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Written by: Austin Lux
| Read Time: 4 minutes

Former County Prosecutor Can Give You the Best Chance of Getting out of Serious Trouble

You don’t hear about statutes of limitations for crimes all that often.

When someone reports a crime, the police investigate and bring charges as soon as possible.

But law enforcement officers don’t solve every crime right away.

Sometimes it takes time for the police to investigate. In other circumstances, a crime may not be discovered until years after it occurs. 

If you believe the police suspect you of committing a crime, you need help right away from an experienced Colorado criminal defense attorney.

Colorado Springs criminal defense lawyer Austin Lux knows Colorado criminal statutes well.

He has the experience you can trust to help you get the best possible outcome for your case. To learn more, contact us today.

What Are the Colorado Statutes of Limitations for Criminal Law?

Statutes of limitations are laws that protect people from facing charges that happened long ago.

When the current system of laws developed, people understood that you shouldn’t have to live your life worrying about something you did a while back returning to haunt you.

Additionally, evidence, such as witness testimony is often more reliable closer in time to the event, which benefits the prosecution and the defense as well.

As a result, laws placed limits on the amount of time someone has to take legal action. 

Colorado statutes of limitations in criminal law work the same way as statutes of limitations in civil law.

Civil statutes of limitations tell people when they need to file a case or forever lose their right to bring one.

The limitations periods vary depending on the type of claim you might have.

In some civil claims, you have only one year to file, but in others, you might have two or three years.

You need to talk to a lawyer to be sure you know when the statute of limitations “runs,” meaning the date on which you lose your right to file a lawsuit. 

The same theory applies to Colorado criminal laws. The prosecution cannot file a case against you if too much time has gone by.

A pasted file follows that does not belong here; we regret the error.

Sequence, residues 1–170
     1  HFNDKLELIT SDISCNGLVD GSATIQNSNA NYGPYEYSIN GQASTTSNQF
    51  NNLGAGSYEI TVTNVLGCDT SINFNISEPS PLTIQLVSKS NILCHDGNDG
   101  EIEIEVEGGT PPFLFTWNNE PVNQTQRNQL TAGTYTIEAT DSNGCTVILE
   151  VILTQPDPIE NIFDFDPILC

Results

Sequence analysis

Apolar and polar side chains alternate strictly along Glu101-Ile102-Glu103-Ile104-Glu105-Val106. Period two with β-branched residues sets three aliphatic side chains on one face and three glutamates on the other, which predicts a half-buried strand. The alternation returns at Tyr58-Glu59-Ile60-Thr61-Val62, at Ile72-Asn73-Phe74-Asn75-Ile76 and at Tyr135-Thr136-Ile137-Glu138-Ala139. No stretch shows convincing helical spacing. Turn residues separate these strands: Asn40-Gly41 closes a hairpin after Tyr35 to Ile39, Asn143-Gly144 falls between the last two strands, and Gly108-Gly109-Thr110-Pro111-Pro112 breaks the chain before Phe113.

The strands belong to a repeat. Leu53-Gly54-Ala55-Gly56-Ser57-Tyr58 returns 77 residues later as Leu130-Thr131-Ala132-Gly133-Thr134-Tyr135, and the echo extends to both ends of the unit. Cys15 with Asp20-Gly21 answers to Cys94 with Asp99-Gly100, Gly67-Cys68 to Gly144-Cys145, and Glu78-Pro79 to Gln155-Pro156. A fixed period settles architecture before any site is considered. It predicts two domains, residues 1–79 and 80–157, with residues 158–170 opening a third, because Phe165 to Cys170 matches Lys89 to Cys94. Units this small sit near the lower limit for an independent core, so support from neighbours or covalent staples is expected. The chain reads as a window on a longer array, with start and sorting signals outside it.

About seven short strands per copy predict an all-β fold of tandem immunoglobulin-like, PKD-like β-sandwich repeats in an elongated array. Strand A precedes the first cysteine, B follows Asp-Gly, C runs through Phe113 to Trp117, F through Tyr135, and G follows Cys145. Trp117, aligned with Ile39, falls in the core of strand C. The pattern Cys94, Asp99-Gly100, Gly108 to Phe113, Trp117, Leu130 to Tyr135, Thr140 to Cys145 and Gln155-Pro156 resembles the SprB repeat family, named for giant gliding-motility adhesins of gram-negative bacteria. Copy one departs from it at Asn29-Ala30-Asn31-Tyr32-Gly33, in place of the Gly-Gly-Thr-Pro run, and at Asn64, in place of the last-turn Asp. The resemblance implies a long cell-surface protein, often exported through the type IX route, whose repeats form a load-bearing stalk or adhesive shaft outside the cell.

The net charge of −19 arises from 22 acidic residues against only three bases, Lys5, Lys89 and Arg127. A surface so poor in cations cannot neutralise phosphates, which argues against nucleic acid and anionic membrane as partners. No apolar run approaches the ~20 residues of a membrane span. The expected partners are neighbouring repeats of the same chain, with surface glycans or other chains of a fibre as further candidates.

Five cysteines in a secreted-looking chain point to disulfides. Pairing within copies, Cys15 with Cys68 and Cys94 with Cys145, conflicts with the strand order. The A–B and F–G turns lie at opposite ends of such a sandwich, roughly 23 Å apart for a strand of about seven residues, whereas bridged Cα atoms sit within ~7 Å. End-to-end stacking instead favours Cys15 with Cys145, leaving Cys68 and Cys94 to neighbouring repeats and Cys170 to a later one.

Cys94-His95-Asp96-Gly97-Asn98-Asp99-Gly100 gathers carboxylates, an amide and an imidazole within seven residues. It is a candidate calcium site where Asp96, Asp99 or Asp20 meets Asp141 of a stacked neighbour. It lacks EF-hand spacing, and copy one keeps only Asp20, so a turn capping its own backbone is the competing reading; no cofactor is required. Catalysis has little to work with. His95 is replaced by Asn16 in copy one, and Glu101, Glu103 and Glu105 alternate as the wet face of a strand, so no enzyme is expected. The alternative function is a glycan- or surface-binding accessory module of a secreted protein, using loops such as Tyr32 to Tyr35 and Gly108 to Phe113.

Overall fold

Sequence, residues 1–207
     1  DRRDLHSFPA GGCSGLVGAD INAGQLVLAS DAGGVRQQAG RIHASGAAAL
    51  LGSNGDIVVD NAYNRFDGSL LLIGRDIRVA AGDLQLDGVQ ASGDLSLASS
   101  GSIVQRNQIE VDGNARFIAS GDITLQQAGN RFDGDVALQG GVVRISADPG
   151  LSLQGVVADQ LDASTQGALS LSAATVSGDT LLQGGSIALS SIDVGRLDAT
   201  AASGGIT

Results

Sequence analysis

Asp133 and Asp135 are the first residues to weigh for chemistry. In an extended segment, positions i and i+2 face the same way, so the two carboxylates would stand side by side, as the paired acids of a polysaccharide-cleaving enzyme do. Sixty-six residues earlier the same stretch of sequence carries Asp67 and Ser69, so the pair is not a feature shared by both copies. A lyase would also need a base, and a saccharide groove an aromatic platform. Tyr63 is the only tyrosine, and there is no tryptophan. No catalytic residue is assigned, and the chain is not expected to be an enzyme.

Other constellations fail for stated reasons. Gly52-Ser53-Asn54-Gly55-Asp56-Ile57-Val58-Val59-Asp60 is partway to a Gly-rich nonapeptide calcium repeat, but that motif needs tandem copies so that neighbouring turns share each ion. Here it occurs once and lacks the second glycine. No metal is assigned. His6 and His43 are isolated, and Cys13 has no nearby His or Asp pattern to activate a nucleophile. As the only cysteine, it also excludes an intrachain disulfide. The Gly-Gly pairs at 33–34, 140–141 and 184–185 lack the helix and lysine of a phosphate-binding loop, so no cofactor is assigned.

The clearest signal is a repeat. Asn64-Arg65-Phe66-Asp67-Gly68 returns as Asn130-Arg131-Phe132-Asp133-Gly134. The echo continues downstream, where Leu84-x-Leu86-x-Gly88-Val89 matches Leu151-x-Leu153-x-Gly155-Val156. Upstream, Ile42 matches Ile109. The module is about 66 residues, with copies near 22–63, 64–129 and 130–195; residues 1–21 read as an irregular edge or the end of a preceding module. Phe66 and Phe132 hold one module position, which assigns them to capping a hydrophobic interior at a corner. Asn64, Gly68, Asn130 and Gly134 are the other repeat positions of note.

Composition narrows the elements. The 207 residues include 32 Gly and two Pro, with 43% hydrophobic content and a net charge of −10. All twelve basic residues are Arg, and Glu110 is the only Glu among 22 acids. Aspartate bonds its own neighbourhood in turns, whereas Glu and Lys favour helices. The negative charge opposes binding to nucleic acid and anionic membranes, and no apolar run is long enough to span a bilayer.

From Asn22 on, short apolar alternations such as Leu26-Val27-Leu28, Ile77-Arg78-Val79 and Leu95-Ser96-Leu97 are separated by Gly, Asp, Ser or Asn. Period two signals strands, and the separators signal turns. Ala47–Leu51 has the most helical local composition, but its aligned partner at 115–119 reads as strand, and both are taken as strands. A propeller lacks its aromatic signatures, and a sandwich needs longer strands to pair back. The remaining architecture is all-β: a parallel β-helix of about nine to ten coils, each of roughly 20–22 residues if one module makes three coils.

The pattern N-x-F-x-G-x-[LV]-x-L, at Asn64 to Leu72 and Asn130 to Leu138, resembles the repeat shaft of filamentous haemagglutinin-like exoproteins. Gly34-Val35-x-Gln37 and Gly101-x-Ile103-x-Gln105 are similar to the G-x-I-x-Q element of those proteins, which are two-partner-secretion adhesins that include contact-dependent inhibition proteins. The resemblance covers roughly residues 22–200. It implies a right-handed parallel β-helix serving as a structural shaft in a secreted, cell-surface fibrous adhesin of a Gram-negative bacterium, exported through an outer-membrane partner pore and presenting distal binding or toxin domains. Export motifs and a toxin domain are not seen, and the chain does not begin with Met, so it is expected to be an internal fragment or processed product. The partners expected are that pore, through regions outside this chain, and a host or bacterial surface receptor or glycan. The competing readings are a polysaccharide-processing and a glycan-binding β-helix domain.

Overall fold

But unlike with civil actions, not every crime has a statute of limitations. Some crimes are so notorious that the police never have a deadline to file charges.

What Crimes Don’t Have a Statute of Limitations?

Murder never has a statute of limitations. You may have heard of cold cases?

Those are murder investigations that have gone cold because of the passage of time.

However, our society believes that no one should get away with murder.

As a result, the police can charge anyone with murder as long as they have probable cause to believe their suspect committed the crime.

Other charges such as kidnapping, treason, sex offenses against children, and forgery also do not have a statute of limitations.

There is no statute of limitations for any attempt, conspiracy, or solicitation of any of these crimes either.

Other Colorado Criminal Statute of Limitations for Criminal Laws

Most felonies have a three-year statute of limitations. The three years start ticking upon the commission of the crime.

Notwithstanding, there are other felonies with longer statutes of limitations.

Those crimes include violations of the Colorado antitrust act, which has a six-year statute of limitations, and crimes like vehicular homicide, leaving the scene of an accident with death resulting, and criminal violations of the Colorado Commodities Code, which have five-year statutes of limitations.

The statute of limitations for vehicular homicide and leaving the scene of an accident resulting in death is 10 years if the crimes arise out of the same incident. 

Other crimes have even longer statutes of limitations.

For example, the statute of limitations is 20 years after the incident or from when the victim turns 18 for a sexual assault when the victim is 15 or older.

Felony unlawful sexual contact on a person 15 or older is 10 years from the date of the incident or 10 years after the victim reaches 18. 

Statutes of Limitations for Misdemeanors

Even misdemeanors are subject to Colorado statutes of limitations under criminal law.

The statute of limitations is one year for traffic misdemeanors.

For DUI charges and the majority of misdemeanor charges, the statute of limitations is 18 months after the crime occurs.

However, the statute of limitations for theft begins to run when the victim discovers the theft.

When Do the Colorado Statutes of Limitations for Crimes Begin?

Having a lawyer who understands Colorado criminal statutes is key to coming up with a winning defense.

You might be able to walk away from a crime that happened long ago if the statute of limitations runs out.

However, the prosecution will argue that the time under the statute of limitations is “tolled.”

Tolling of the statute of limitations simply means that the clock stopped running.

For instance, the clock does not start running for some crimes until someone discovers the crime.

The time also tolls when a victim of a sex crime is under 18. Additionally, the time under the statute will toll if you are outside of Colorado during the statutory period.

However, that time is not unlimited. The statute of limitations runs again after five years. 

Contact a Colorado Criminal Defense Lawyer Today

Having a Colorado Springs criminal defense lawyer by your side gives you the best chance to minimize the impact criminal charges have on your life.

Attorney Austin Lux has unparalleled experience in Colorado’s criminal justice system.

You can rely on his experience to help you get the best outcome for your case.

Contact Austin by calling 719-368-7698 to schedule a free consultation.  

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